Distinctions: the dean of the civil service wins a literary prize

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Members of the University of Virginia Law School community were recently recognized for their excellence. Among the distinctions, Annie Kim ’99, vice-dean of the public service, won the Library of Virginia Literary Prize 2021 for poetry in a virtual ceremony on October 16.

The prize rewards Kim’s poems in the book “Eros, Unbroken”, which explores the complicity between art, intimacy and violence between two musicians in 18th century Spain. Kim’s debut collection, “Into the Cyclorama” won the Michael Waters Poetry Prize, and “Eros, Unbroken” won the Washington Poetry Prize and was a finalist for the INDIES 2020 Foreword INDIES poetry book.

The Library of Virginia created its annual literary awards program in 1997 to honor Virginia writers and celebrate their contributions to the state and nation’s literary landscape, according to the organization’s website.

Kim heads the Mortimer Caplin Public Service Center and Law School’s Law and Public Service program.

Stevenson elected to FTAA Board of Directors

Professor Megan Stevenson was elected to the Board of Directors of the American Law and Economics Association, effective September 1. The association is dedicated to advancing the economic understanding of law and related areas of public policy and regulation.

Stevenson, an economist and criminal justice specialist, has conducted empirical research in various areas of criminal justice reform, including bail, algorithmic risk assessment, misdemeanor, and juvenile justice. His research on bail has been widely cited in a landmark federal civil rights decision, O’Donnell v. Harris, and received extensive media coverage.

The Women’s Bar Association recognizes Goluboff

The District of Columbia Women’s Bar Association honored Dean Risa Goluboff during her The stars of the bar event on September 22, during which Goluboff and other award winners spoke. This year’s theme was “Getting Back to Basics”, recognizing women for being the first in their respective roles. Goluboff became the first dean of the law school in 2016.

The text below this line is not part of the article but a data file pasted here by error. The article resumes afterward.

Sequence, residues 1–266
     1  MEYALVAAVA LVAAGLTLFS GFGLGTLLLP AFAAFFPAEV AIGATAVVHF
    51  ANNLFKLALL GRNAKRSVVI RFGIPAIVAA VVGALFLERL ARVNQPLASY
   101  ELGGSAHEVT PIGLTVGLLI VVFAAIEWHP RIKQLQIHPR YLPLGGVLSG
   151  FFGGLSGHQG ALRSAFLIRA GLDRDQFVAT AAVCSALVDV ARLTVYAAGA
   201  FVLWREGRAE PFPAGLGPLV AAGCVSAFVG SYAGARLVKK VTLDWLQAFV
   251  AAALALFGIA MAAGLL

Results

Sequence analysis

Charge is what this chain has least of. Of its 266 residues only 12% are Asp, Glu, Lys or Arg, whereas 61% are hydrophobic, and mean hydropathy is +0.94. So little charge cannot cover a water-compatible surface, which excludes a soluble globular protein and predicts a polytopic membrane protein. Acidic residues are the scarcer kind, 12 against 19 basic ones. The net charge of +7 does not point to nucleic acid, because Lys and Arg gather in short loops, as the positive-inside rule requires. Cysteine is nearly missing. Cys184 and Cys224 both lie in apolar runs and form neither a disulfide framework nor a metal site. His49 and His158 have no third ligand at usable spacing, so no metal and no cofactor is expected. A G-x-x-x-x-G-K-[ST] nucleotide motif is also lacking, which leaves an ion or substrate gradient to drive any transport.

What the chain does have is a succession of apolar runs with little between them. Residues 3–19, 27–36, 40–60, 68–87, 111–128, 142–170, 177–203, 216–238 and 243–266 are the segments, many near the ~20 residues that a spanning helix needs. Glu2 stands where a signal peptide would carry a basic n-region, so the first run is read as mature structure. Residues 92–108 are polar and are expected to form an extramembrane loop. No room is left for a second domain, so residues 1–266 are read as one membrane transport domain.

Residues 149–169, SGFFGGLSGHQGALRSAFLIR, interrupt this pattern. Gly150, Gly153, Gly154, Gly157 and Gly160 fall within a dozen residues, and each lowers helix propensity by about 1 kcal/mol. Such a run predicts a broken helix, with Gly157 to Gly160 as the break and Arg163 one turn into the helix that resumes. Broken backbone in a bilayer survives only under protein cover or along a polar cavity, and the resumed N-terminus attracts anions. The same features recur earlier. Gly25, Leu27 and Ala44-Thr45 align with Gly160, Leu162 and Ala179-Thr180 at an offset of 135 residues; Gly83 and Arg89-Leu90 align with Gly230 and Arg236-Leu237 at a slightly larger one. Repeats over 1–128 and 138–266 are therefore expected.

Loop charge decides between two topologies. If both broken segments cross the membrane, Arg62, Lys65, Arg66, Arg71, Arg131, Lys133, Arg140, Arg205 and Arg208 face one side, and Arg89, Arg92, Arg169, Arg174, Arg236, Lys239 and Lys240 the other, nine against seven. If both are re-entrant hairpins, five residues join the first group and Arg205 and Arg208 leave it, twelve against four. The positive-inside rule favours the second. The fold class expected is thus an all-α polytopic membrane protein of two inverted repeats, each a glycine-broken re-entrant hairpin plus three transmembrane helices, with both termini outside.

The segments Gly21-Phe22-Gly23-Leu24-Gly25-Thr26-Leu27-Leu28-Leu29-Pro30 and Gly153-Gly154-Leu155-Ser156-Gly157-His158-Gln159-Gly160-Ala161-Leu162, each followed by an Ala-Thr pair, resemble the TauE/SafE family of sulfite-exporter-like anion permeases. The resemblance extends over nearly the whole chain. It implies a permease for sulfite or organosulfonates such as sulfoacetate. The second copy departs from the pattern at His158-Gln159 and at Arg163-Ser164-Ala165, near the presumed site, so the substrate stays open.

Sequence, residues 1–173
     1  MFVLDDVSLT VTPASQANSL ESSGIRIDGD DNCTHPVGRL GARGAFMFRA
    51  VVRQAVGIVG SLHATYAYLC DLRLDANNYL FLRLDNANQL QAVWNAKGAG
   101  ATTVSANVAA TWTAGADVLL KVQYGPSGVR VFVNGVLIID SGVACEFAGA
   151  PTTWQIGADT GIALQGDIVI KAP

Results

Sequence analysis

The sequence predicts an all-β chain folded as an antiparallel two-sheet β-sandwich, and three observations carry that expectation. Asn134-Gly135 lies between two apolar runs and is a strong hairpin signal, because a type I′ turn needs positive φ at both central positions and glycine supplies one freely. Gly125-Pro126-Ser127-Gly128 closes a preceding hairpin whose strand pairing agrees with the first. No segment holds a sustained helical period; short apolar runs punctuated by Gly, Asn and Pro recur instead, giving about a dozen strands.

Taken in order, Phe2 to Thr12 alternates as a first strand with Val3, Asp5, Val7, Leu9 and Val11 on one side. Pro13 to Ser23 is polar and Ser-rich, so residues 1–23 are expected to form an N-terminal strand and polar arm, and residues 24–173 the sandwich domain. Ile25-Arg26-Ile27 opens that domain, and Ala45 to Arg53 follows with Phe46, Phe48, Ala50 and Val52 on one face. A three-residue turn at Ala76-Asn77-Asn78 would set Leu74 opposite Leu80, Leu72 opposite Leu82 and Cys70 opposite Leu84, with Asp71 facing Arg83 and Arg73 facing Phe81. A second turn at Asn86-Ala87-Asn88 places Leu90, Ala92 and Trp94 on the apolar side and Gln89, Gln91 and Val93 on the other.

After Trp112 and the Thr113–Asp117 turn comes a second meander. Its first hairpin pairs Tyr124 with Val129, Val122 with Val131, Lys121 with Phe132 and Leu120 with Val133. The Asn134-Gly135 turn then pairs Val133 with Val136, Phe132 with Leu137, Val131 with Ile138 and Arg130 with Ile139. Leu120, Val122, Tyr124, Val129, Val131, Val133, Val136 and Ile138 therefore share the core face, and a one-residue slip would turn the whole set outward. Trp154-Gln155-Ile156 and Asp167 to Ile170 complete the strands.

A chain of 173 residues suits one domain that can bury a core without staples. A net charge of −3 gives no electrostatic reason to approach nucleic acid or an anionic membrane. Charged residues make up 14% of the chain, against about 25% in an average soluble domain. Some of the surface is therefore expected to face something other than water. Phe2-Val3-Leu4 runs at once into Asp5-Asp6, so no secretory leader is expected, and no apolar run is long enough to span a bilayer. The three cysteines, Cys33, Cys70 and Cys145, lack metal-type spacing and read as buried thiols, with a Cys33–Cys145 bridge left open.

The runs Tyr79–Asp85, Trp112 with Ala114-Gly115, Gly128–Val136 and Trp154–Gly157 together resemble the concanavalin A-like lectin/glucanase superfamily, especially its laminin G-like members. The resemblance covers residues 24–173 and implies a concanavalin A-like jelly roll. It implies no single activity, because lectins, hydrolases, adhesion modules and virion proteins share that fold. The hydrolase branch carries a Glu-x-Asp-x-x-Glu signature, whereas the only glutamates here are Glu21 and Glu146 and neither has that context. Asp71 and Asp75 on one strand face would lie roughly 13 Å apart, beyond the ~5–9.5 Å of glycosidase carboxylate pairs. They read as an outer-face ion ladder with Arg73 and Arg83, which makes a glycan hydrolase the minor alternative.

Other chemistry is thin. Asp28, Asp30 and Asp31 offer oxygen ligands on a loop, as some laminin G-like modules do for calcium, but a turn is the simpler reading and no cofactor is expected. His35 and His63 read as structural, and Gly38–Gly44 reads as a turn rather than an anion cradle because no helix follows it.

Student wins educational writing award

Third-year law student Chris Yarrell won the Education Law Association’s George Jay Joseph Writing Award in September for his article “Reviving Rationality and the Federal Role in Education.” The award recognizes an outstanding student manuscript addressing one or more legal issues in one of a variety of educational settings, including K-12 public and private schools and institutions of higher education, in particular current and emerging issues. It was recognized at the ELA conference in October.

Yarrell is a Virginia Public Service Fellow, a full tuition award awarded for the recipients’ academic excellence, leadership potential, and engagement in the public service immediately upon graduation.

Fore appointed member of the Center of Excellence in Teaching

Professor Jore Fore ’11 joined the AVU Center of Excellence in Teaching as 2021-22 Faculty member in July. Faculty members work alongside full-time center faculty to help support the centre’s core mission of improving teaching and learning at the University. Responsibilities include conducting educational consultations with other instructors, conducting workshops, developing resources, and supporting and developing programs.

Fore is Co-Director of the Law School’s Legal Research and Writing Program.

Shalf appointed to the Board of Directors of the Community Action Agency

Charlottesville City Council appointed Professor Sarah Shalf ’01 to the Monticello Area Community Action Agency Board of Directors on September 20. The goal of MACAA is to eradicate poverty, mainly through education. The agency manages Head Start and Early Head Start, and also manages programs to support low-income families and prospective first-generation students.

Shalf, who is the Director of Clinical Programs at the Faculty of Law and heads the Community Solutions Clinic, will advise and support the agency with respect to its programs, events, fundraising and policies.

Student thesis on recognized trustees

Third-year law student Christopher Benos received an honorable mention in the 2021 Mary Moers Wenig Student Writing Competition. “Guardians of Trusts as Trustees: Three Approaches and Beyond UDTA” examines the role protectors of trusts as trustees under various state approaches and suggests improvements to the Uniform Managed Trust Act. Nominations are judged by members of the Legal Education Committee of the American College of Trust and the Estate Counsel Foundation.

Students raise $ 3,306 for refugees

Students raised $ 3,306 through a bake sale and fundraiser Sept. 6-10 for the International Rescue Committee to help Afghan refugees resettled in the Charlottesville area. The Muslim Law Students Association has partnered with the Middle Eastern and North African Students Association, the American Constitution Society for Law and Policy, the International Refugee Assistance Program, and the National Lawyers Guild for fundraising.



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